" /> ">
More Texas A&M workers are out of work, and the cuts may not be over.
Several of the university's facilities are operating in the red...even Reed Arena isn't safe from cutbacks.
Bills are a hard thing to pay these days for Anna Flores.
For 25 years she made a good living working at Texas A&M's Printing Services.
But in just one day, she lost her job and everything she worked so hard for.
"I'll never forget that day, it was right after the holidays. They came in. We didn't have time to say goodbye. Just get your stuff and out the door. People were shocked," said Anna.
She never thought the university would shut down printing services, leaving 23 workers without jobs.
That was six months ago, but she still remembers how much it hurt.
"All of a sudden my heart was beating. Because I didn't want to hear the news, the bad news," said Anna.
The printing office may have been the first of many departments still on the chopping block.
More recently, the faculty club restaurant has been closed and several jobs at Reed Arena have been cut.
Yes, Reed Arena.
They lost over $400,000 last year, so three employees had to be let-go.
"It's difficult. We've been working on this the past three months. We don't go out and release employees to release employees. It's a tough management decision," said Joe Powell, Texas A&M Senior Vice President and Chief Financial Officer.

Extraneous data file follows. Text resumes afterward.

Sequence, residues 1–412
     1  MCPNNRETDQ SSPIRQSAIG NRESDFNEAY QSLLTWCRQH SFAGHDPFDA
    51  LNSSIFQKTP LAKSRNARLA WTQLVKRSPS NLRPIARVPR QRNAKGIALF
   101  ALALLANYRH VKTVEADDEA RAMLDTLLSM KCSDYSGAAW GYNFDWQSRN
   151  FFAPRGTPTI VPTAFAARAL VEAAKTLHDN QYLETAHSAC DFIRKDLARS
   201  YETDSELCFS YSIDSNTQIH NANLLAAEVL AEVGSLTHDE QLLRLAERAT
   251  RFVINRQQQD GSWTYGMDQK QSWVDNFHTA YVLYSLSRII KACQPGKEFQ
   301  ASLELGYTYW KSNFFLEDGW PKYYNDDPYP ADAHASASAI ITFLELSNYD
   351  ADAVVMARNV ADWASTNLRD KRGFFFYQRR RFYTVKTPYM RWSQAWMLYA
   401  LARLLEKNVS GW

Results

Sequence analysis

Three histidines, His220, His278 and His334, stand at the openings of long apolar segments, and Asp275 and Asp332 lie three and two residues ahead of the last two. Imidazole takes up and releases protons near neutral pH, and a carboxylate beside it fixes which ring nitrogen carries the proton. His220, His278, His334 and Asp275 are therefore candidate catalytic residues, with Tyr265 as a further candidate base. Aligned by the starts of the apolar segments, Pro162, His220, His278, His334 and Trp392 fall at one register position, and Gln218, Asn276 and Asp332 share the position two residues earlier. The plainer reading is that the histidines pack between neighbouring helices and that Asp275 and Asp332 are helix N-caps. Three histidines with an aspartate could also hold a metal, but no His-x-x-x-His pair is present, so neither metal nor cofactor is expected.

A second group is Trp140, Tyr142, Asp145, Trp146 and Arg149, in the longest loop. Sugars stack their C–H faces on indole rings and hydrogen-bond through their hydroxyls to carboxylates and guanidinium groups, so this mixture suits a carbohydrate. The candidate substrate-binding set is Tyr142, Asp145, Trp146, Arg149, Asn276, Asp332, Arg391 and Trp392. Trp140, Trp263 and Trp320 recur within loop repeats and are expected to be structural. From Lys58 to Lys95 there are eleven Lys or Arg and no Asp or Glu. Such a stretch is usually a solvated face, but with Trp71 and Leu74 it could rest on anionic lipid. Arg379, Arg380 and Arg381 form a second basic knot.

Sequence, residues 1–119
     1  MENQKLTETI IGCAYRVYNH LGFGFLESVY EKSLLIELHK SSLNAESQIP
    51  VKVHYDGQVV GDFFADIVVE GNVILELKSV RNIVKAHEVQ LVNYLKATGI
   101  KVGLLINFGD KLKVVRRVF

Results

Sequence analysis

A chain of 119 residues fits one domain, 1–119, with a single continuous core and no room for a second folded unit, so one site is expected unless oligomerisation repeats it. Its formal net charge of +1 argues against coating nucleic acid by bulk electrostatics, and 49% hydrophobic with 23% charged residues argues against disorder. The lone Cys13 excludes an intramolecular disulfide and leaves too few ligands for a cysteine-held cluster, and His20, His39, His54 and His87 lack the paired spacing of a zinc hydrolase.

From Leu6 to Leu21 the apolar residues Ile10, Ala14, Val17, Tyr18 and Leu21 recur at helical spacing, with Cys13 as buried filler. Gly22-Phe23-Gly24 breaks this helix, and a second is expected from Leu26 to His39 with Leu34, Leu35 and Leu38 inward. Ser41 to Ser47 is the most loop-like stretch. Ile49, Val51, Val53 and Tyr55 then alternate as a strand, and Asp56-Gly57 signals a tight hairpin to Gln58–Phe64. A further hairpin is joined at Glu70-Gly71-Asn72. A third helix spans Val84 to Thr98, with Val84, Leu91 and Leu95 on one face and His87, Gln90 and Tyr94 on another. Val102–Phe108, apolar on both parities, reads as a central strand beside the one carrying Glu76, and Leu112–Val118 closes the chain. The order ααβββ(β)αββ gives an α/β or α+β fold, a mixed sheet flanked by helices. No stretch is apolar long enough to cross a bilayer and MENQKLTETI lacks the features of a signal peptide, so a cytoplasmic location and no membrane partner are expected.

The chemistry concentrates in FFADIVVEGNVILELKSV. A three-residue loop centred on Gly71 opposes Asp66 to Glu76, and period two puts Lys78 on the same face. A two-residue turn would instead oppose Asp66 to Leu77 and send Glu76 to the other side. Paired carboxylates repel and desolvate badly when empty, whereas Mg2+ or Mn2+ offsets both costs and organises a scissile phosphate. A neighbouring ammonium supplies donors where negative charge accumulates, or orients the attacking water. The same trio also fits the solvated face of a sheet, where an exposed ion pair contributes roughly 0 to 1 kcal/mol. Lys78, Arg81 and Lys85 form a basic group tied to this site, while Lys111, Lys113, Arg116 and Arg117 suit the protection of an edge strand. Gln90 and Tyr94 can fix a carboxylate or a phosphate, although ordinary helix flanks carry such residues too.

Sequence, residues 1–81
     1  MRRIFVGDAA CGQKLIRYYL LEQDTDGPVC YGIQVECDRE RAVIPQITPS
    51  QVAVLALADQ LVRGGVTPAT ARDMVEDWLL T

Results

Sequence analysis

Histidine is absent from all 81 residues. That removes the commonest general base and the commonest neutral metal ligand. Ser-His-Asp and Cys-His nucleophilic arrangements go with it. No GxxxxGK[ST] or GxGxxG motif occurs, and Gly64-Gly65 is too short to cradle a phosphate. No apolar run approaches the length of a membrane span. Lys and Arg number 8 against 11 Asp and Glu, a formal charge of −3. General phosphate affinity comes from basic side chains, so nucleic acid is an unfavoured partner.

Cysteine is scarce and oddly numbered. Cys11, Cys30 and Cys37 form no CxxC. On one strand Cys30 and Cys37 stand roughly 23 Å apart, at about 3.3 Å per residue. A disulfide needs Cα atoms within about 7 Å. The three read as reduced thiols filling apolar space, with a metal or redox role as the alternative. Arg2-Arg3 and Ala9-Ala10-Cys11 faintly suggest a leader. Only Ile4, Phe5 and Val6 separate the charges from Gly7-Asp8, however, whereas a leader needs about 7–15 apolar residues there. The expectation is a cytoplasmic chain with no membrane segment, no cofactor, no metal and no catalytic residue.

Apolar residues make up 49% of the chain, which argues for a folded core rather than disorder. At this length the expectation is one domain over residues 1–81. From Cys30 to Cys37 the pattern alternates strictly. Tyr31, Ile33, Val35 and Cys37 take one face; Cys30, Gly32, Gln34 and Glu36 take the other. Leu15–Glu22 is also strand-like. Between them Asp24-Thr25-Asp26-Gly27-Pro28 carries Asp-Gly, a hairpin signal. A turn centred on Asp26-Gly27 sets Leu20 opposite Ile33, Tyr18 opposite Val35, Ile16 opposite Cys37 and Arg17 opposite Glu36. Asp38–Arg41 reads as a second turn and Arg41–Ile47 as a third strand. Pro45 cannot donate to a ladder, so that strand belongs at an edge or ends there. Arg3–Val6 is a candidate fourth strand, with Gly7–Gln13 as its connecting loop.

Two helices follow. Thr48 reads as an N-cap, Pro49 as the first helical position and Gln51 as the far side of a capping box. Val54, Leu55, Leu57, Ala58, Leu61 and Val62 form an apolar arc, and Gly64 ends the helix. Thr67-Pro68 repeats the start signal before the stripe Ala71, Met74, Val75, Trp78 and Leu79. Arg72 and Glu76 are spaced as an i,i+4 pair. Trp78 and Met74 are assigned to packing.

Last week, the Faculty club closed, because it was losing money.
Six of its seven employees are out of work.
It's expected to re-open after asbestos removal and renovation -- hopefully with better luck.
"Any auxillary enterprise needs to make money," said Powell.
And that list is long.
Money-making operations include Food Services, Housing, the Memorial Student Center, even the bookstore.
If they fail to stay afloat -- Tuition and fees can't be used to keep them open.
Anna knows that all too well.
Now she's working as a custodian, one of the lowest paid workers at the university.
"Here it is this beautiful big university. Look at how you have people working and the custodial workers work hard," said Anna.
Something Anna fears may not even be for long.
The university says no other services are being reviewed for closing, and laying off workers is a last resort but the cutbacks had to be made to keep the campus running more efficiently.